If you feel that you’ve put all the necessary precautions into place, you need to test to make sure there are no penetration points you’ve missed. How else will you be sure that your company’s data is protected from threats? Regular testing allows you to find vulnerabilities before the criminals do.
For help with the security at your business, contact Geek Rescue at 918-369-4335.
January 30th, 2014
Planning is a key step to effective data security for your business. If you know how you’re likely to be attacked, you’ll know how to best protect yourself. At PC World, Tony Bradley published a list of security threats he expects to be common throughout 2014.
The time when you could consider your smartphone immune from the dangers of malware has passed. With a large percentage of the population not only using mobile devices, but using them to access critical data, criminals have begun heavily targeting them with mobile-specific malware. And infection can stem from a number of places. Email, malicious links and text messaging are all popular modes of malware infection, but even connecting to an infected computer via USB has been the root of infection in some attacks.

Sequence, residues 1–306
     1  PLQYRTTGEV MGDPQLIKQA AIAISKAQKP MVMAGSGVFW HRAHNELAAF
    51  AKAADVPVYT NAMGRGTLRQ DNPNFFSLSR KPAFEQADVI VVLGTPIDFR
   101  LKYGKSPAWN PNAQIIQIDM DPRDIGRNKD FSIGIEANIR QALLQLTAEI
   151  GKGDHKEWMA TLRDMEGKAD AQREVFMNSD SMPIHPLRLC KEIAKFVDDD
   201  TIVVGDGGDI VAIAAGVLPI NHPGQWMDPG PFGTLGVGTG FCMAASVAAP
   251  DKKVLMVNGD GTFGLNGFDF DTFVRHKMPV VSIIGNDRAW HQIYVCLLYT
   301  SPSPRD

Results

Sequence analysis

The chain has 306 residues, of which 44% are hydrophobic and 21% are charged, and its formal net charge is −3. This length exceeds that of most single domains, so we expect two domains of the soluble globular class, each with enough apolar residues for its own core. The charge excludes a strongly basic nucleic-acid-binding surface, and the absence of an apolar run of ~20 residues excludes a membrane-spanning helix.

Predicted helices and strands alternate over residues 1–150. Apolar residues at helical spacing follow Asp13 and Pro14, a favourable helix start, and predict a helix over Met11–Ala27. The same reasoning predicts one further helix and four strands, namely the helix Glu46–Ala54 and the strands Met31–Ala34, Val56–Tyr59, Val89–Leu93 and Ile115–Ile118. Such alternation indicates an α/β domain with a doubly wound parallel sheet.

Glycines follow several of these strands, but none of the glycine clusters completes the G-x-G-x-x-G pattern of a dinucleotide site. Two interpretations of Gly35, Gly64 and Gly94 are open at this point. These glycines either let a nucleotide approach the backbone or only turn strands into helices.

You’ve likely seen this buzzword in the media and it refers to the growing number 0f items with internet capabilities. Your refrigerator, car, home security system, baby monitor and many other common items can now be online and controlled remotely. While this may present a convenience for you, it also poses a security risk as hackers may also be able to gain control of your things. We’ve already seen a refrigerator used as part of a botnet. Be aware that if an item in your home or business can connect to the internet, it can be hacked.
Patches and security updates for this operating system will be discontinued by Microsoft this April. While Microsoft Security Essentials will receive support until the summer of 2015, this still presents a significant security issue. A large portion of the world’s desktop computers, particularly in offices, are still running XP. Worse is that kiosks and other embedded devices also run off of XP. When Microsoft stops supporting their old operating system, developers will also likely stop releasing updates for their XP applications. This leaves users in a frozen state where known exploits won’t be fixed. Some security experts are forecasting that hackers will wait until support stops and then launch all out attacks on XP systems.